Tuesday, 11 December, 2012
Single-molecule dissection of the high-affinity cohesin–dockerin complex
S. Stahl, M. Nash, D. Fried, M. Slutzki, Y. Barak, E. Bayer, and H. Gaub -
PNAS, Vol. 109 (50), pp. 20431-20436 (2012)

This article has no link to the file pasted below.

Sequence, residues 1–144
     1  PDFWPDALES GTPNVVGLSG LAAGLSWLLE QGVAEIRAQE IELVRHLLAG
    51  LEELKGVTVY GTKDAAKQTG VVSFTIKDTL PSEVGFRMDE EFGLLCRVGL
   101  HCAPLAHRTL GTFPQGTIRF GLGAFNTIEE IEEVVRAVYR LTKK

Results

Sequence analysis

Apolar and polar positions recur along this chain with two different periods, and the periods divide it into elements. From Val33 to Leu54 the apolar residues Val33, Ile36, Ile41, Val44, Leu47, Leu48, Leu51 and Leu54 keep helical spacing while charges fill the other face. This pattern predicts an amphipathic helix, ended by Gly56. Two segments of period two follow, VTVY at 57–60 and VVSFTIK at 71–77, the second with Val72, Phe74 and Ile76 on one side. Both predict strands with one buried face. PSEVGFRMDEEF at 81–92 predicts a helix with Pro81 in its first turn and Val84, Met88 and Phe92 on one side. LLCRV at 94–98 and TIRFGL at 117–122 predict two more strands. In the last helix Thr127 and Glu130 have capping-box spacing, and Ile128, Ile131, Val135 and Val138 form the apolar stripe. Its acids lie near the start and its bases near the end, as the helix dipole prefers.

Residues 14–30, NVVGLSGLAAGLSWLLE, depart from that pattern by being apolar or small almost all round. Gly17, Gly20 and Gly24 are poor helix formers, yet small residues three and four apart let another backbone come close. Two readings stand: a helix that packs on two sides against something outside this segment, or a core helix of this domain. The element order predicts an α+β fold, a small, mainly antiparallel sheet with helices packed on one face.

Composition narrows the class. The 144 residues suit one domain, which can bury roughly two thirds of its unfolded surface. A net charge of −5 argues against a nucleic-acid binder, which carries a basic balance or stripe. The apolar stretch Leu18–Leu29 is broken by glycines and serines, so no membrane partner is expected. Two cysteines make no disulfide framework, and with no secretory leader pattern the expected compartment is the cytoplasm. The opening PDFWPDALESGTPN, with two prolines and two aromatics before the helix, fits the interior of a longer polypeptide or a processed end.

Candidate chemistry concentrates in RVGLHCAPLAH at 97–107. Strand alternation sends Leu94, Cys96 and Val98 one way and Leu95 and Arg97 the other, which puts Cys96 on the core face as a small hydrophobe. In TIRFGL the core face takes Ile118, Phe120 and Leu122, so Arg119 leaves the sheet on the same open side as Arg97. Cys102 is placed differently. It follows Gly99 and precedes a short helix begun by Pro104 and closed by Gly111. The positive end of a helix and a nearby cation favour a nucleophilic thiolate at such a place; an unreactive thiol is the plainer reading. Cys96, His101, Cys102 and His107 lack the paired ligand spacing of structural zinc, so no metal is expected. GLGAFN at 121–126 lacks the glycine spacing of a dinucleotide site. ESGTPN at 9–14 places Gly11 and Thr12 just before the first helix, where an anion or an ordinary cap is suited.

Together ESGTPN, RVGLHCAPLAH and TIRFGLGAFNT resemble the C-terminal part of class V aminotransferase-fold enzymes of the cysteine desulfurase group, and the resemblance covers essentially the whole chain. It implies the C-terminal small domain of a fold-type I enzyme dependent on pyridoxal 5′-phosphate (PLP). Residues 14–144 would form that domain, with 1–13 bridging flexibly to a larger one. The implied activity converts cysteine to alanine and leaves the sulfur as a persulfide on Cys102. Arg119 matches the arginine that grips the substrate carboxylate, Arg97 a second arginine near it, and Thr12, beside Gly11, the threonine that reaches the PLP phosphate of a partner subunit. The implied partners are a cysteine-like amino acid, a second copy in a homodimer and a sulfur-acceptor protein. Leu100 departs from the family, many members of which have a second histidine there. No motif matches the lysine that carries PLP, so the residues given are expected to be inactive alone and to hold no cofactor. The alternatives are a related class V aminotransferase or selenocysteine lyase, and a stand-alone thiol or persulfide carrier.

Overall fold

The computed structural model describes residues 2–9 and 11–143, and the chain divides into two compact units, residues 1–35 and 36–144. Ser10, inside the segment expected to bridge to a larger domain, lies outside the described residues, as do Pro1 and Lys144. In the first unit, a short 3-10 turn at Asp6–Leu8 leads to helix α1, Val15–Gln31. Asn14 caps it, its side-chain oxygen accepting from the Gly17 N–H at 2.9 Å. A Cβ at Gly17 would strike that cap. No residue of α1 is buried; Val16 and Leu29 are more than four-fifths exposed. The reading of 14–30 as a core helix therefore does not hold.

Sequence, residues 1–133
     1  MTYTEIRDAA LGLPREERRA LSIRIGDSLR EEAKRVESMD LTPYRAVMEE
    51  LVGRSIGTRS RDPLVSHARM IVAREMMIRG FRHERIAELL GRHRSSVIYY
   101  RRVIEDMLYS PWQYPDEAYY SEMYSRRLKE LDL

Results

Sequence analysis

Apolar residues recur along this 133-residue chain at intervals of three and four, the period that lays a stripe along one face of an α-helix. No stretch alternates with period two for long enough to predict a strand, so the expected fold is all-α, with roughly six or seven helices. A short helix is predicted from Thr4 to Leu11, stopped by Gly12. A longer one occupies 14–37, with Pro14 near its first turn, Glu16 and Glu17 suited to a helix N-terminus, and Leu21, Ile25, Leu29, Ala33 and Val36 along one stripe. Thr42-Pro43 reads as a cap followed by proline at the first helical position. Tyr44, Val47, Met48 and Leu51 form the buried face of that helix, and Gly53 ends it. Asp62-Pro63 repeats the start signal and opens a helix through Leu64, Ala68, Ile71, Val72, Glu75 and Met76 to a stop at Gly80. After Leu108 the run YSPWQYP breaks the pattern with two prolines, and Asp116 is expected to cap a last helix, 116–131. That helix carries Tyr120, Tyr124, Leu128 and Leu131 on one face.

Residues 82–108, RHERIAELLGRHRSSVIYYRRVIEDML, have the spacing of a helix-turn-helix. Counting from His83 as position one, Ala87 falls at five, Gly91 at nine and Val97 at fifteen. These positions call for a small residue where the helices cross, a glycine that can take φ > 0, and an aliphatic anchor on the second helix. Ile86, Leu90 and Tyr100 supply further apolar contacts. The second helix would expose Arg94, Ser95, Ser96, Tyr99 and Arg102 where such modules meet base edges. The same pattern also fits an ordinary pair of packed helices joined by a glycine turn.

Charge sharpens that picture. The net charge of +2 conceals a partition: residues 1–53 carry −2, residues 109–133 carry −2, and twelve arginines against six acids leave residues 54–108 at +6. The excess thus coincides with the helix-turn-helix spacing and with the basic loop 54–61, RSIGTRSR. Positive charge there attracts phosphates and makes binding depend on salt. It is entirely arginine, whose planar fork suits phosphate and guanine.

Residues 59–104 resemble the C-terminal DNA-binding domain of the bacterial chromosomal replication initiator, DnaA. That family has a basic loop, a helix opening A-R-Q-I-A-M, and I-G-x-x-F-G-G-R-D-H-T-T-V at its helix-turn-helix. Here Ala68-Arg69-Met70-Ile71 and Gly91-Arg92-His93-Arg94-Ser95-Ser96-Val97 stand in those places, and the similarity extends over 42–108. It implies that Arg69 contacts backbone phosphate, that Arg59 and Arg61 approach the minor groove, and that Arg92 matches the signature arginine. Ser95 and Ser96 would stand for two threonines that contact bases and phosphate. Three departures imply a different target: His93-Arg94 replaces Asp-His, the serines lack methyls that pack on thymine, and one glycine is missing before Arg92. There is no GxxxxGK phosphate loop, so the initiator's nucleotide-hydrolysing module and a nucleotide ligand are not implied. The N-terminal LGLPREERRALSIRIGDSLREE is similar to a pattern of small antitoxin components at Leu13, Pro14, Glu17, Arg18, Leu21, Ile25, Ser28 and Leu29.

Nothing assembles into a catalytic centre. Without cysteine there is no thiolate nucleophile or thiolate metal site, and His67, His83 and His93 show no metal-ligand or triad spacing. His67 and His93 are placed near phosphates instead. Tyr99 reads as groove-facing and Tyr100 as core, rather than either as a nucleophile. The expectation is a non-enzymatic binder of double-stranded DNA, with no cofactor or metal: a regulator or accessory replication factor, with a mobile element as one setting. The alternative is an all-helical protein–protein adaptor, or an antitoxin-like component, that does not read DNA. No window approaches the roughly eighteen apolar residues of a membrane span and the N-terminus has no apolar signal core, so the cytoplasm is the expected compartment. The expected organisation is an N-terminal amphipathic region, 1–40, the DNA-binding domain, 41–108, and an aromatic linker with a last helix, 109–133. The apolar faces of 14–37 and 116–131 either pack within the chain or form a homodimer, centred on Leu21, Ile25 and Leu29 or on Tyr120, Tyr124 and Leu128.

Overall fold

Cellulose-degrading enzyme systems are of significant interest from both a scientific and technological perspective due to the diversity of cellulase families, their unique assembly and substrate binding mechanisms, and their potential applications in several key industrial sectors, notably cellulose hydrolysis for second-generation biofuel production. Particularly fascinating are cellulosomes, the multimodular extracellular complexes produced by numerous anaerobic bacteria. Using single-molecule force spectroscopy, we analyzed the mechanical stability of the intermolecular interfaces between the cohesin and the dockerin modules responsible for self-assembly of the cellulosomal components into the multienzyme complex. The observed cohesin–dockerin rupture forces (>120 pN) are among the highest reported for a receptor–ligand system to date. Using an atomic force microscope protocol that quantified single-molecule binding activity, we observed force-induced dissociation of calcium ions from the duplicated loop–helix F-hand motif located within the dockerin module, which in the presence of EDTA resulted in loss of affinity to the cohesin partner. A cohesin amino acid mutation (D39A) that eliminated hydrogen bonding with the dockerin’s critically conserved serine residues reduced the observed rupture forces. Consequently, no calcium loss occurred and dockerin activity was maintained throughout multiple forced dissociation events. These results offer insights at the single-molecule level into the stability and folding of an exquisite class of high-affinity protein–protein interactions that dictate fabrication and architecture of cellulose-degrading molecular machines.